April 15, 2011

Atlas Shrugged has finally been made into a film, with a release date carefully timed for tax day in the United States. Hollywood was reluctant (purely on a return on investment basis, nothing to do with any attempted censorship): but the rise of the Tea Party demonstrates that times have changed, and it should be a more than adequate moneymaker.

Although it is also being seen as a polariser, I rather doubt that this one film can polarise things any more than they are already. Those who oppose an objectivist libertarian stance will keep on opposing it. Those who agree with it will keep on agreeing, and will consider this film long overdue. Those who look at the book for its literary value will continue to wince, seeing the fiction solely as an excuse upon which to hang a theory, and a painfully poorly written fiction at that. Strongly opinionated authors of fiction have ever fallen into the trap of making their fictional characters and fictional scenarios

Curiously, its producer does not see Atlas Shrugged as a polemic: because Ayn Rand is not right wing in her attitude towards social issues -- or, more accurately, in promoting the freedom to practice any vice she wishes while being largely left alone to earn money and not have it taken away and redistributed by the federal government. (He also claims that she is in favour of paying taxes. It may be an idea to reexamine the essays.)

The claim is often made that the Tea Party draws from both sides: and yet during right wing governments, the movement now known as the Tea Party is little more than a determined grumbling about taxes. The demonstrations only come out during left wing governments.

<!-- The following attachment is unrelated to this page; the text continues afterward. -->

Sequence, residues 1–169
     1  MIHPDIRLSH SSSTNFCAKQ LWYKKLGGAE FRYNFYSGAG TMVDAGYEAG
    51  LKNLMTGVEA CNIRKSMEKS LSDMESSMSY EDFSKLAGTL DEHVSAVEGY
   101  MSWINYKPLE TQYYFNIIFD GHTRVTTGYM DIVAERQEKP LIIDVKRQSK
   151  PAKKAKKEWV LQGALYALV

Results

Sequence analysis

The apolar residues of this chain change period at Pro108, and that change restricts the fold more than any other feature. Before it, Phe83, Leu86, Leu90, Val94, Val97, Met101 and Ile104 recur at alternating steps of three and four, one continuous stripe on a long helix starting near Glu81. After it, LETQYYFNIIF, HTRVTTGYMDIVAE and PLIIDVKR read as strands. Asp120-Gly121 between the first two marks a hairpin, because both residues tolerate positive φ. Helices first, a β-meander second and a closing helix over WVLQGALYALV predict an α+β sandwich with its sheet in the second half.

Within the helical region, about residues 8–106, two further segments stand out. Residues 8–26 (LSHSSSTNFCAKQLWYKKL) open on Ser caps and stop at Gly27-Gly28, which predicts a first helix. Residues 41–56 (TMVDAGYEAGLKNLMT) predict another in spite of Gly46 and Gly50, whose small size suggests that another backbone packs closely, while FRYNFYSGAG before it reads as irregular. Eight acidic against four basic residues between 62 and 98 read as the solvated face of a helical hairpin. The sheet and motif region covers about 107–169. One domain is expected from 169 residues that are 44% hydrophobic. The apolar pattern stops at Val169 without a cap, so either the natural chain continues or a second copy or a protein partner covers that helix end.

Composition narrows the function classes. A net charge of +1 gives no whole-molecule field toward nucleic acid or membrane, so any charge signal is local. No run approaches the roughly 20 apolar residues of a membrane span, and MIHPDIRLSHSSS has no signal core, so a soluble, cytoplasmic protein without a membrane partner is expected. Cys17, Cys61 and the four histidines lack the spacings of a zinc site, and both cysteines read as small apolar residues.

Yet this ought not to be too much of a surprise. Unlike right wing freedoms, which primarily cost private money (at least to superficial inspection), preserving left wing freedoms costs tax money. As soon as general social freedoms touch in the slightest on the individual wallet: watch them evaporate.

(Somehow I doubt that Ayn Rand herself would have overlooked the indirect tax money that right wing freedoms cost.)

The dangerous thing about isolationism in this day and age is the "unless" -- we don't want to spend money on foreign wars "unless" we are attacked on our native soil. Yet in this day and age, especially in a free society, attacks on our native soil are inevitable. When -- not if -- that happens: watch the drive to isolationism vanish like a soap bubble.

In true libertarian fashion, the armed forces are under intense pressure to cut down costs: and thus we have entered the era of the contractor wars. In the short term, maybe cheaper. Maybe. In the long term, not: not least because a contractor war will always be longer than its non-contracted equivalent. Where is the drive to keep it short?

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